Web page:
Diagnosis of MRSA

Staph infection diagnosis is based on identifying Staphylococcus aureus bacteria. To make the diagnosis, a diagnostic test called a culture usually is performed. In this test, a sample is taken from the infection site, grown in a laboratory setting that encourages bacterial growth, and examined under a microscope for the presence of S. aureus.

Once S. aureus bacteria are identified, they are cultured in the presence of methicillin and other antibiotics. If they grow in the presence of antibiotics, the condition is diagnosed as MRSA infection.

Cultures can be performed using nasal and throat secretions, or samples from infected areas of skin and other tissues (e.g., blood, joint fluid, bone marrow, cerebral spinal fluid [CSF]). Results of a culture can take as many as 48 hours. Because prompt MRSA diagnosis and treatment can help prevent complications in some cases, newer diagnostic tests that can detect staph bacteria more quickly are being developed.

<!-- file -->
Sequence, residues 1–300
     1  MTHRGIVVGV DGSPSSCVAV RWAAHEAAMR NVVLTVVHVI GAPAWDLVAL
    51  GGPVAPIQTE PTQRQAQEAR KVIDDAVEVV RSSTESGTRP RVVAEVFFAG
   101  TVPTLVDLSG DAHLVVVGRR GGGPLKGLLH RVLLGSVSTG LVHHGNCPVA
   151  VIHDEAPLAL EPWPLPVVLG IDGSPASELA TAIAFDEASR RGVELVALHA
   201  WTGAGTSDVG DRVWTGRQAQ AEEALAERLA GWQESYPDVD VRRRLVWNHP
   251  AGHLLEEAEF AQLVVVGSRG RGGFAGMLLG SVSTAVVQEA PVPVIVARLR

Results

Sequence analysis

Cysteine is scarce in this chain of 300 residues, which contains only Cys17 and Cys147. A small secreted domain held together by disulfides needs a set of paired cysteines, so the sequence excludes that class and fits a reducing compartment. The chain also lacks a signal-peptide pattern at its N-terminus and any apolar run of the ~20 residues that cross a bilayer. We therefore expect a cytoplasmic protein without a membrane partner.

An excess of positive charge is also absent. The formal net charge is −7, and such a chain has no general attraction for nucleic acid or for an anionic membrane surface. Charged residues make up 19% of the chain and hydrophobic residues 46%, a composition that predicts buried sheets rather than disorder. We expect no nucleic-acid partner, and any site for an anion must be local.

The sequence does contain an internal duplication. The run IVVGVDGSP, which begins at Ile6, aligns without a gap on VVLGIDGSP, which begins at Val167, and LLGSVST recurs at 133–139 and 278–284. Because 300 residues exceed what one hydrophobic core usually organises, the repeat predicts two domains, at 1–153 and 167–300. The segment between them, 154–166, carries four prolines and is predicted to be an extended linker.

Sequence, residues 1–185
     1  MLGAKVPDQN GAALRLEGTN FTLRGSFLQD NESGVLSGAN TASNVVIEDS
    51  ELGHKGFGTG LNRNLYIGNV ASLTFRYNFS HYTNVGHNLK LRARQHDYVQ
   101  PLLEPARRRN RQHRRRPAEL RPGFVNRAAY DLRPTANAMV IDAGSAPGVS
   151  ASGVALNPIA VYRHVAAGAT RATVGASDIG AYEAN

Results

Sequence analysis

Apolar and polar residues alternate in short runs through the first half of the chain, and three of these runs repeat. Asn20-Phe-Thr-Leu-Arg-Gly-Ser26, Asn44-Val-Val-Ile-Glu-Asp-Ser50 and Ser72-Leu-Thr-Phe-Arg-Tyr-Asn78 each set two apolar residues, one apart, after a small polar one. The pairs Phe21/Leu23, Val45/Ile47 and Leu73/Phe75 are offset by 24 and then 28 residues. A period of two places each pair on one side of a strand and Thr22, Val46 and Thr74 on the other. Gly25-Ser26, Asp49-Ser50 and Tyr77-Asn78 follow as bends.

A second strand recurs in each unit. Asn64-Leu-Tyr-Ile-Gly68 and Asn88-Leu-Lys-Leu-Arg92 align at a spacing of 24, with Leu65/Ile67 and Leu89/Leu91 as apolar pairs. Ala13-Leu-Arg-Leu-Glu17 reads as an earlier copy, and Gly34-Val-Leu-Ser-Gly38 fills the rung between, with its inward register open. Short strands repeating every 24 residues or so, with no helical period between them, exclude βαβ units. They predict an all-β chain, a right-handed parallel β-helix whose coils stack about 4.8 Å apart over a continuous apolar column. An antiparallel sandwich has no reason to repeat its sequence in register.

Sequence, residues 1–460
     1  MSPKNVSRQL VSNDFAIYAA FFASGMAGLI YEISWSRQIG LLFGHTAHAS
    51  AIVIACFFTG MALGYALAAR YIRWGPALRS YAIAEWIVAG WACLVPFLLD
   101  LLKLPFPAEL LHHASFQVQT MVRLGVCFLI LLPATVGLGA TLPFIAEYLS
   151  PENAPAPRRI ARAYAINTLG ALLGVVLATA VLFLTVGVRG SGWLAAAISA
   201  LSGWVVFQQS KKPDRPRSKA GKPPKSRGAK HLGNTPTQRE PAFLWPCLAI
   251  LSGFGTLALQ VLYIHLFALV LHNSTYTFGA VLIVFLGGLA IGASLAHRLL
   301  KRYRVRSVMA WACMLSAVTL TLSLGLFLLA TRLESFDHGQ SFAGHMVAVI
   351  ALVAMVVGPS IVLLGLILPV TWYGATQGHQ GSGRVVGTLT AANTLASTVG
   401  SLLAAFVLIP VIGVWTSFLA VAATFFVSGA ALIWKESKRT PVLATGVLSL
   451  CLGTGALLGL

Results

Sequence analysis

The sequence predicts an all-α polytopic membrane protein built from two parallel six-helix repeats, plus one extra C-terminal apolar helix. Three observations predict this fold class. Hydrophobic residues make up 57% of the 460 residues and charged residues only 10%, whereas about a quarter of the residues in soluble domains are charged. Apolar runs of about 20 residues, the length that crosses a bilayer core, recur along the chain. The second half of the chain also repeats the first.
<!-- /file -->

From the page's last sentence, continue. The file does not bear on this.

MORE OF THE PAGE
MRSA Treatment

Treatment for MRSA infection usually involves intravenous (i.e., through a vein) antibiotics. IV antibiotics provide a more effective concentration of medication in the bloodstream than commonly used antibiotics that are administered orally. Oral administration may result in decreased absorption of the antibiotics in the digestive tract. Vancomycin (Vancocin, Vancoled), linezolid (Zyvox), daptomycin (Cubicin), dalbavancin (Dalvance; approved in May 2014), tedizolid phosphate (Sivextro; approved in June 2014), and oritavancin (Orbactiv; approved in August 2014) may be used to treat MRSA infection and other bacterial skin infections.

To help reduce the development of drug-resistant bacteria, antibiotics should always be used as directed. When oral antibiotics are prescribed, patients should be sure to finish all medication, as unfinished doses can lead to additional drug resistance.

Treatment for MRSA infection also may include surgery to drain the infection and/or remove damaged tissue. Other types of treatment may be used to relieve symptoms and complications caused by MRSA infection. These treatments include medications, oxygen therapy, and dialysis.

In some cases, staph infections, including MRSA, recur (reappear) and require additional treatment. If left untreated, MRSA infections can lead to organ failure and death.

Publication Review By: Stanley J. Swierzewski, III, M.D.

Published: 19 Feb 2008

Last Modified: 15 Sep 2015